JUN 22, 2018 04:55 PM PDT

Antiviral Compound Found in the Human Body

WRITTEN BY: Carmen Leitch

The human body can make a compound with a special power to fight viruses; viperin is an enzyme made naturally in many mammals. Scientists have found that it has an antiviral effect on a variety of pathogens including hepatitis C, rabies and West Nile viruses. The enzyme aids the chemical reaction that generates ddhCTP, a molecule that can prevent viruses from replicating their genetic material, halting the expansion of the viral population. This work, which was reported in Nature, could have important implications in antiviral drug development.

"We knew viperin had broad antiviral effects through some sort of enzymatic activity, but other antivirals use a different method to stop viruses," explained study author Craig Cameron, a professor and the Eberly Chair in Biochemistry and Molecular Biology at Penn State. "Our collaborators at the Albert Einstein College of Medicine, led by senior authors Tyler Grove and Steven Almo, revealed that viperin catalyzes an important reaction that results in the creation of a molecule called ddhCTP. 

“Our team at Penn State then showed the effects of ddhCTP on a virus's ability to replicate its genetic material. Surprisingly, the molecule acts in a similar manner to drugs that were developed to treat viruses like HIV and hepatitis C. With a better understanding of how viperin prevents viruses from replicating, we hope to be able to design better antivirals."

Viruses usually have small genomes and lack critical cell components found in normal cells, so they hijack the cellular machinery they lack, using nucleotide bases from their host to build new genetic material - viral RNA. The ddhCTP chemical can mimic nucleotides, the foundations of DNA and RNA, and these 'nucleotide analogs' get incorporated into the new viral RNA that is made. Then they can interfere with the extension of the genetic strand, which stops the virus from making new copies of itself.

"Long ago, the paradigm was that in order to kill a virus, you had to kill the infected cell," said Cameron. "Such a paradigm is of no use when the virus infects an essential cell type with limited capacity for replenishment. The development of nucleotide analogs that function without actually killing the infected cell changed everything."

Usually, nucleotide analogs are synthetic and come with risks. Nucleotides are important in many ways, so they can have dangerous side effects.

"The major obstacle to developing therapeutically useful antiviral nucleotides is unintended targets," noted study author Jamie Arnold, associate research professor of biochemistry and molecular biology at Penn State. "For example, a few years ago we discovered that a nucleotide analog under development for [the] treatment of hepatitis C could interfere with the production of RNA in mitochondria, subcellular organelles important for energy production in the patient's own cells. That meant people with mitochondrial dysfunction are predisposed to any negative effects of this unintended interference."

However, ddhCTP appears to be safe so far; it does not seem to have unintended targets.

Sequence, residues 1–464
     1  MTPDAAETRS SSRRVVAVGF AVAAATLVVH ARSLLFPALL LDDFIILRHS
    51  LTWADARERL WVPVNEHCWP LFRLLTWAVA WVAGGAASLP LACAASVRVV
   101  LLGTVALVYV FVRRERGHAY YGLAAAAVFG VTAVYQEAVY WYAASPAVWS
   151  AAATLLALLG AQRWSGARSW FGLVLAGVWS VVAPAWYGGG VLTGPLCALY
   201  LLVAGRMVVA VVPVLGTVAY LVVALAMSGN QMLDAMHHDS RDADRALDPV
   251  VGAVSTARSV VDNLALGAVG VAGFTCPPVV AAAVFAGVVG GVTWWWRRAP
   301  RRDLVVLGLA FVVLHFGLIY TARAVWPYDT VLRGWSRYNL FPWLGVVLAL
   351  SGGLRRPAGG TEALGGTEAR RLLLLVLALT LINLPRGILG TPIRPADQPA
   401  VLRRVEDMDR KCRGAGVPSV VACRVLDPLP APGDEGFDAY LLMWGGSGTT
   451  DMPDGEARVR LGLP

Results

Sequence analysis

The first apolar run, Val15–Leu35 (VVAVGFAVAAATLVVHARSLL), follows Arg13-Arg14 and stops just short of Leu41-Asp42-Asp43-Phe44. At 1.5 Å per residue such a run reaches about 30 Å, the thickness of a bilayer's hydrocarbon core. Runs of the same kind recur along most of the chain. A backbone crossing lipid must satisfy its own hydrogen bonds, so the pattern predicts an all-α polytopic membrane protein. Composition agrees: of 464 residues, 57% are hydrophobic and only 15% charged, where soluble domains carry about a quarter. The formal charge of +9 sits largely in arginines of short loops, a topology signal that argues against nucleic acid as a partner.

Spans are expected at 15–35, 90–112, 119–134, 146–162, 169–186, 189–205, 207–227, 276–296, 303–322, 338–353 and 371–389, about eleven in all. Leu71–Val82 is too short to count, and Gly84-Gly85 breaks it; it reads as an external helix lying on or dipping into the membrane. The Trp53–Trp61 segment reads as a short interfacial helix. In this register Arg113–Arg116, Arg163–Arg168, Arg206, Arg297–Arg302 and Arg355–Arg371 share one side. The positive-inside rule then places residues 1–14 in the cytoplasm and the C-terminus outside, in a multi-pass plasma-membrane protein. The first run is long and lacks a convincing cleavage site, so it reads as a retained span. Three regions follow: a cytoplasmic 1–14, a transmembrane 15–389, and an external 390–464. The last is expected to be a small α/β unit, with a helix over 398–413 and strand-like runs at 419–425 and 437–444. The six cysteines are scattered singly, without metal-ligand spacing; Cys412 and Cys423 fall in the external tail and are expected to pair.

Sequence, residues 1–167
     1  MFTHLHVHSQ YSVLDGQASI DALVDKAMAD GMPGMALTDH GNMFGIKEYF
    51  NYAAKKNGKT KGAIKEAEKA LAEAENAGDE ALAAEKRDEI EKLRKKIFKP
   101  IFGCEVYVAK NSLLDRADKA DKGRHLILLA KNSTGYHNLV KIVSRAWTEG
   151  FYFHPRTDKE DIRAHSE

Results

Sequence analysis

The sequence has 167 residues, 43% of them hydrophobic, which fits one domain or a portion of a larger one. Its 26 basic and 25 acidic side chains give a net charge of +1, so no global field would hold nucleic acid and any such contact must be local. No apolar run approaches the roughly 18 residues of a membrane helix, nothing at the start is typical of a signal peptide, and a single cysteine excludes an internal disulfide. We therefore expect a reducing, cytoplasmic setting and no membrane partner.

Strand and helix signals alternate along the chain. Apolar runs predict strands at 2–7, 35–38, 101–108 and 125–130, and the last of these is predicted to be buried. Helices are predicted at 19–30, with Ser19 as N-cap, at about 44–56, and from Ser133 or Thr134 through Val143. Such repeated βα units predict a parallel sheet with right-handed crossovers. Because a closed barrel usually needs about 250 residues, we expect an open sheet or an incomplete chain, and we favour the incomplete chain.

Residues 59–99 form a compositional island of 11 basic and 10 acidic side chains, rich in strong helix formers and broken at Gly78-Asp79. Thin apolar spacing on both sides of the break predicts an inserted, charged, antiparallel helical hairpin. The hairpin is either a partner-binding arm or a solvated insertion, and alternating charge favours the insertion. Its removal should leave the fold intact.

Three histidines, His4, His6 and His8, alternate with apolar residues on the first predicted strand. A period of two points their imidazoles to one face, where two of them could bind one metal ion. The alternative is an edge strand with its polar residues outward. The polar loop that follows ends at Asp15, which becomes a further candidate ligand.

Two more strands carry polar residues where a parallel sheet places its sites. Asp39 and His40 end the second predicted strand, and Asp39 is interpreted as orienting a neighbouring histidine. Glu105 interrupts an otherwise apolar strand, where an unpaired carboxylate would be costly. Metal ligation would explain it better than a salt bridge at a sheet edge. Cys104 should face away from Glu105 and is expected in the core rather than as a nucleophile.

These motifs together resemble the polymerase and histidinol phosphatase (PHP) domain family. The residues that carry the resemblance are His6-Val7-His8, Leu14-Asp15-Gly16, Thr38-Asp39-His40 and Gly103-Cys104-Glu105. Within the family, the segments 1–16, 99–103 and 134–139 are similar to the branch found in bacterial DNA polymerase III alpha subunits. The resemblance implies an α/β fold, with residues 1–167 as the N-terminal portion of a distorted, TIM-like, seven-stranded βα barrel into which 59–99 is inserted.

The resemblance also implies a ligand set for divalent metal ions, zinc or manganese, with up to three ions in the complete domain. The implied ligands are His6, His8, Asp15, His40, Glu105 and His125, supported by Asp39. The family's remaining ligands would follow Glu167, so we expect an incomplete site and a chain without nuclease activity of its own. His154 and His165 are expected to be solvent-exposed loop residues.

"Unlike many of our current drugs, ddhCTP is encoded by the cells of humans and other mammals," said Cameron. "We have been synthesizing nucleotide analogs for years, but here we see that nature beat us to the punch and created a nucleotide analog that can deal with a virus in living cells and does not exhibit any toxicity to date. If there's something out there that's going to work, nature has probably thought of it first. We just have to find it."

3D representation of a Zika virus. / Credit: Wikimedia Commons/Manuel Almagro Rivas

The researchers tested ddhCTP against West Nile, Zika and dengue viruses, and found that the ddhCTP could stop the replication of Zika in live cells.

"The molecule directly inhibited replication of three different strains of Zika virus," said study author Joyce Jose, assistant professor of biochemistry and molecular biology at Penn State. "It was equally effective against the original strain from 1947 as it was against two strains from the recent 2016 outbreak. This is particularly exciting because there are no known treatments for Zika. This study highlights a new avenue of research into natural compounds like ddhCTP that could be used in future treatments."

The researchers have shown that ddhCTP has a lot of potential as a therapeutic, although it was not effective against a class of viruses called picornaviruses; that group includes polio and rhinovirus. The researchers would like to find out why, and determine if a vulnerable virus might gain resistance against ddhCTP.

"Development of resistance to an antiviral agent is always an issue," said Cameron, "Having some idea of how resistance happens, or being able to prevent it from happening, will be critical if this is to be used as a broad-spectrum therapy."


Sources: AAAS/Eurkealert! Via Penn State, Nature

About the Author
  • Experienced research scientist and technical expert with authorships on 28 peer-reviewed publications, traveler to over 60 countries, published photographer and internationally-exhibited painter, volunteer trained in disaster-response, CPR and DV counseling.
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